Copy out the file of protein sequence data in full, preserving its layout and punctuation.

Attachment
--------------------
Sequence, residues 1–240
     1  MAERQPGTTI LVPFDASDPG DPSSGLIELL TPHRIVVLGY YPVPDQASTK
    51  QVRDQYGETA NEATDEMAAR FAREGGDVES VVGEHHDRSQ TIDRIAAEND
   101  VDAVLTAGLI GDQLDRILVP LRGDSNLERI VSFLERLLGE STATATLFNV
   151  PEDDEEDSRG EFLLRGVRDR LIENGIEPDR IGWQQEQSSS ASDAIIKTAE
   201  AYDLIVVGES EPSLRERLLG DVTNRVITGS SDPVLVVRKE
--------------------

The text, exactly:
Sequence, residues 1–240
     1  MAERQPGTTI LVPFDASDPG DPSSGLIELL TPHRIVVLGY YPVPDQASTK
    51  QVRDQYGETA NEATDEMAAR FAREGGDVES VVGEHHDRSQ TIDRIAAEND
   101  VDAVLTAGLI GDQLDRILVP LRGDSNLERI VSFLERLLGE STATATLFNV
   151  PEDDEEDSRG EFLLRGVRDR LIENGIEPDR IGWQQEQSSS ASDAIIKTAE
   201  AYDLIVVGES EPSLRERLLG DVTNRVITGS SDPVLVVRKE